They have for the purpose a small silver chafing dish, covered with a lid full of holes, and fixed upon a handsome plate. In this they put some fresh coals, and upon them a piece of lignum aloes, and shutting it up, the smoke immediately ascends with a grateful odour through the holes of the cover. This smoke is held under every one's chin, and offered as it were a sacrifice to his beard. The bristly idol soon receives the reverence done to it, and so greedily takes in and incorporates the gummy steam, that it re
tains the savour of it, and may serve for a nosegay a good while after.
“ This ceremony may perhaps seems ridiculous at first hearing ; but it passes among the Turks for an high gratification. And I will say this in its vindication, that its design is very wise and useful. For it is understood to give a civil dismission to the visitants, intimating to them, that the master of the house has business to do, or some other avocation, that permits them to go away as soon as they please ; and the sooner after this ceremony the better. By this means you may, at any time, without offence, deliver yourself from being detained from your affairs by tedious and unseasonable visits; and from being constrained to use that piece of hypocrisy, so common in the world, of pressing those to stay longer with you, whom perhaps in your heart you wish a great way off, for having troubled you so long already.”
Thus far my author. For my own part, I have taken such a fancy to this Turkish custom, that for the future I shall put something like it in practice. I have provided a bottle of right French brandy for the men, and citron water for the ladies. After I have treated with a dram, and presented a pinch of my best snuff, I expect all company will retire, and leave me to pursue my studies for the good of the public.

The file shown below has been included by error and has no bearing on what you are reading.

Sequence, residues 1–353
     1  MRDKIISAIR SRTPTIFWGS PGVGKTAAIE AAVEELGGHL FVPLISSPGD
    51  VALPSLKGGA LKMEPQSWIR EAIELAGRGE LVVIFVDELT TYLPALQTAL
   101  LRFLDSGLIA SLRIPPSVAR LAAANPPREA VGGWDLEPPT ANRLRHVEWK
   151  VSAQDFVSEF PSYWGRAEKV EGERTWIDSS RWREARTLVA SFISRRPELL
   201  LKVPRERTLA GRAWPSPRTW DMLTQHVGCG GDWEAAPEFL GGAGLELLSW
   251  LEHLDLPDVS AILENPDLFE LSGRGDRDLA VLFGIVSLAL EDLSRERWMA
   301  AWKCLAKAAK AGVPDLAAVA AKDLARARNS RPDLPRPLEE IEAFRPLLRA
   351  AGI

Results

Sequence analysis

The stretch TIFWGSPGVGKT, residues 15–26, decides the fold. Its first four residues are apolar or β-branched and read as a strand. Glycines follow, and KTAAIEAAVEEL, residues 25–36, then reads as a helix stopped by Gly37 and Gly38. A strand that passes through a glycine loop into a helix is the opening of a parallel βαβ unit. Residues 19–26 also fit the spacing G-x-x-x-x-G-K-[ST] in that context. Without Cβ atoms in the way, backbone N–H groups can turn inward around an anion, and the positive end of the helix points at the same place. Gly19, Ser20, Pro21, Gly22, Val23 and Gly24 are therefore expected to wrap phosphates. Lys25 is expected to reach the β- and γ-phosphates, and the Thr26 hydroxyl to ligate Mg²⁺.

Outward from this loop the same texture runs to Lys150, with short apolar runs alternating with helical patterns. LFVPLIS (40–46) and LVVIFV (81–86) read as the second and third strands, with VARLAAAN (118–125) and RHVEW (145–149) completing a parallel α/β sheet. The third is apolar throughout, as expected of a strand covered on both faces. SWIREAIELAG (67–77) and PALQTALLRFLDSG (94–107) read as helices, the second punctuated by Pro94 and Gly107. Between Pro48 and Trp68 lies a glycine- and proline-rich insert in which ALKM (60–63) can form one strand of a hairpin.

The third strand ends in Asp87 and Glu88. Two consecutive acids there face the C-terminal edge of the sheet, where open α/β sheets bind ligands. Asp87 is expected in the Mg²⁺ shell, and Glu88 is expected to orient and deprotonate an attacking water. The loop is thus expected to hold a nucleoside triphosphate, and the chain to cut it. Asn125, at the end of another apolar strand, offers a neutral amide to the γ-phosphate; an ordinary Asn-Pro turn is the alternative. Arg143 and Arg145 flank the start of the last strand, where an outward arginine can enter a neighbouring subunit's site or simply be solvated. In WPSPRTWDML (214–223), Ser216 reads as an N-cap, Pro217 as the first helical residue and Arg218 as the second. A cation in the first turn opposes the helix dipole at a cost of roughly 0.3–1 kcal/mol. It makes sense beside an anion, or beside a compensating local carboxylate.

I give notice that I am now actually compiling, and design to publish in a short time, the true history of the rise, growth, and progress of the renowned Tiff Clubb. All persons who are acquainted with any facts, circumstances, characters, translations, &c. which will be requisite to the perfecting and embellishing of the said work, are desired to communicate the same to the author, and direct their letters to be left with the printer hereof.
The letter signed Would-be-something is come to hand.
THE BUSY-BODY.No. V.
From Tuesday, February 25, to Tuesday, March 4,
Vos, O patricius sanguis, quos vivere fas est,
This paper being designed for a terror to evil doers, as well as a praise to them that do well, I am lifted
up with secret joy to find that my undertaking is approved, and encouraged by the just and good, and that few are against me but those who have reason to fear me.